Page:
Well, is it really that easy? Johnson was active in 93 percent of leagues this week, so clearly his owners either saw the great matchup in Buffalo or had no other choices. Johnson was a first-round pick, after all. I just don't know anyone, after seeing the past 13 months of games, who would fall for this, within reason. I think Johnson still can be a worthy RB2 this season, but if he gets there via the all-or-nothing method, that's a problem. Heck, he even has a touchdown handcuff in Jamie Harper to deal with now, as Harper scored twice Sunday. I'm selling, not expecting elite talent back, but surely better than a few days ago. Enjoy this. Move on. And thank Chris Johnson -- and the NFL schedule makers for giving them the Bills -- for Week 7!
Second down: Jacksonville Jaguars running back Maurice Jones-Drew was the player chosen directly after Chris Johnson in ESPN average draft position, but his Sunday didn't go quite as well. Faced with his own terrific matchup in Oakland, Jones-Drew hurt his left foot early, left via cart and was seen with a boot and crutches by halftime. In other words, this looked bad. Rashad Jennings, so popular during the preseason Jones-Drew holdout and then dropped in most leagues by Week 2, stepped up with 28 touches, 102 total yards and a touchdown, and he'll be one of the signature pickups this week. As of Sunday night, we don't know how long Jones-Drew will be out. Jennings (owned in 13 percent of ESPN leagues) is no star himself, and he averaged barely 2 yards per rush against the Raiders, but he's a must-own now.
Third down: Man, the New Orleans Saints make things fun in fantasy, don't they? Quarterback Drew Brees delivered his fifth game with three or more touchdown passes in six chances, but I'm talking about the defense. It's a disaster, and it allowed Tampa Bay Buccaneers Josh Freeman, Vincent Jackson and Doug Martin to combine for 72 fantasy points. Freeman underwhelmed the first month, so it's likely that his big Sunday with 420 passing yards was more about the Saints than a return to 2010 glory. Jackson and Martin, however, don't come with the same warnings. Jackson, who frankly should have had a bigger fantasy game -- he somehow was caught before the end zone on a 95-yard catch -- is a terrific talent and doesn't need Freeman to be good for him to thrive. Martin finally topped 12 fantasy points, although hopefully more touchdown opportunities will come his way after the bigger LeGarrette Blount fell on his face Sunday in short-yardage chances. Freeman remains a fantasy backup and nothing more, but Jackson and Martin are potential top-10 finishers at their positions, fellows you shouldn't sell high on.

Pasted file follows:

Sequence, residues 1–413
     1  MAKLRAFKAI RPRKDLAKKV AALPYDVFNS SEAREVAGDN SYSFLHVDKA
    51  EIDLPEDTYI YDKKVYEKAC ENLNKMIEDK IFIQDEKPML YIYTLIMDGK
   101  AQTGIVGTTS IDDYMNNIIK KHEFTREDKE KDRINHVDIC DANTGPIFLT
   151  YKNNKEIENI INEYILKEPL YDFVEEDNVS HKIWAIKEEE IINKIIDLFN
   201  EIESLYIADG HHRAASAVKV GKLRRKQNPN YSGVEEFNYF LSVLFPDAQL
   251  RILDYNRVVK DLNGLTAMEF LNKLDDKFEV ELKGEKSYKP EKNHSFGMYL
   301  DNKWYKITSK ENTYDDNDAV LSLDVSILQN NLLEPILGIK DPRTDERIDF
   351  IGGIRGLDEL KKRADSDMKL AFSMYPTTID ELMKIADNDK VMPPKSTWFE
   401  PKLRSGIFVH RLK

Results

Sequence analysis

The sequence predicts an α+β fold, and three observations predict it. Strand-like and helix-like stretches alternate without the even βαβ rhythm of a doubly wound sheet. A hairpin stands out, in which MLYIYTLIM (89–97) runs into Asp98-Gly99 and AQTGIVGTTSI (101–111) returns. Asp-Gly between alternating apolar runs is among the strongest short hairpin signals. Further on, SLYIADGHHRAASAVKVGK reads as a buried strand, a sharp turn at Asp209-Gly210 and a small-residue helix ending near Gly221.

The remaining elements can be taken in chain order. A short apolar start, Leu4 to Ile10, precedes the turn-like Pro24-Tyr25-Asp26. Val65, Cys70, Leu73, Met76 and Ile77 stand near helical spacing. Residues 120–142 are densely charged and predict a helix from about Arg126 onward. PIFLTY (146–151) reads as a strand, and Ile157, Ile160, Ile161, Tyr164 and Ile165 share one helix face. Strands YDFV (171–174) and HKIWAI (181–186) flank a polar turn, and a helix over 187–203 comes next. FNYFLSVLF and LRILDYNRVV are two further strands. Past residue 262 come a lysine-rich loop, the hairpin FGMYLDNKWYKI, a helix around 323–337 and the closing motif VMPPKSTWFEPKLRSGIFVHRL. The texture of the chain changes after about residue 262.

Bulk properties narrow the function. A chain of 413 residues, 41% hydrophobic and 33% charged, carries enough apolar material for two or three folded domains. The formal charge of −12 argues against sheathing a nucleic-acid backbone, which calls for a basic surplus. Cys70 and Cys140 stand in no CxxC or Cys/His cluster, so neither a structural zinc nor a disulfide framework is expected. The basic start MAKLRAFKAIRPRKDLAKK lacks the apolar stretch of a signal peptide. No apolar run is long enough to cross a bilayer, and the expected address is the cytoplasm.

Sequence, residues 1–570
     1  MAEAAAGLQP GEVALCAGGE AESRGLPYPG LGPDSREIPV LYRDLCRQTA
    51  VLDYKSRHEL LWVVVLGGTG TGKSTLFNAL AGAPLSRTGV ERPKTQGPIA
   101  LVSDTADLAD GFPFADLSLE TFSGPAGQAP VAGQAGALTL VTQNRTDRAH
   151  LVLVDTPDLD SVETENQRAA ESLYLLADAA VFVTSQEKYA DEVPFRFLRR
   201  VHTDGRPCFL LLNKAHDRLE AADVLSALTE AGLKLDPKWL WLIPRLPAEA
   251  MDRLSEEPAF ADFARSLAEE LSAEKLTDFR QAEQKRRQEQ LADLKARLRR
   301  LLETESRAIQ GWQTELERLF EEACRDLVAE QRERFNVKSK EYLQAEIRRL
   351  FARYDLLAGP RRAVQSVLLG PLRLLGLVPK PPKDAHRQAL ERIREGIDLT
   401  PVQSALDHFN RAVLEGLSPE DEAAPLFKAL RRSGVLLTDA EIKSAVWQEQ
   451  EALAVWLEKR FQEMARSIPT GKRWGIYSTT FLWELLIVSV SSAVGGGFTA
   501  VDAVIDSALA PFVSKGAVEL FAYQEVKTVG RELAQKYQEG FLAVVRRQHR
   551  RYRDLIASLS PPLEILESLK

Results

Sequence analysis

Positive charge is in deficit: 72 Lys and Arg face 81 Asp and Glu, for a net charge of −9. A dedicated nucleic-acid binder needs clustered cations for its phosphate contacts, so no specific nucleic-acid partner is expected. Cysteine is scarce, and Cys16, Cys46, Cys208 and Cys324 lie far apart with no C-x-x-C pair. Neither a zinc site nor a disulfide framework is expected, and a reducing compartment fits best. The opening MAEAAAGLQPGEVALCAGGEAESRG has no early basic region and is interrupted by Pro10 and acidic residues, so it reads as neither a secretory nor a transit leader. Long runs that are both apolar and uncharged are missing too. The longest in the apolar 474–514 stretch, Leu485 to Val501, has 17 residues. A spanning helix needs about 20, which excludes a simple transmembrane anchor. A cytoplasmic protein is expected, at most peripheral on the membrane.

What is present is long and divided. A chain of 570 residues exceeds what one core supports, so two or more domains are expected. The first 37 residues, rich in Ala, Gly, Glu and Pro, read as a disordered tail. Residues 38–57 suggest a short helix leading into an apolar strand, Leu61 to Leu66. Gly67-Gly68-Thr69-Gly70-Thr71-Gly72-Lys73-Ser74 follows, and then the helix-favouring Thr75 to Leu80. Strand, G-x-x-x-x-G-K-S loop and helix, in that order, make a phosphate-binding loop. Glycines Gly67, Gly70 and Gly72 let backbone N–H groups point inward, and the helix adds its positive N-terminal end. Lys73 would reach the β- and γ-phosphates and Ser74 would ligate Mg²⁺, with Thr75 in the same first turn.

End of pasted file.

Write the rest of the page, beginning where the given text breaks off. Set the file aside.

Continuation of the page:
Fourth down: Washington Redskins tight end Fred Davis was the seventh-most active option at his position this week despite disappointing season numbers (29 fantasy points through six games), but now that season is over after he tore his Achilles on Sunday. Davis had upside, but he wasn't remotely showing it, so this isn't that tough a loss in fantasy. Then again, tight end production continues to drop week to week, with 11 fantasy points topping this position in Week 7 until Rob Gronkowski and Dustin Keller bettered it in the late afternoon games. Davis backup Logan Paulsen, who caught 76 yards' worth of passes Sunday, appears the next emerging option in deep formats, unless the team brings back former All-Pro Chris Cooley. Now that would make things interesting.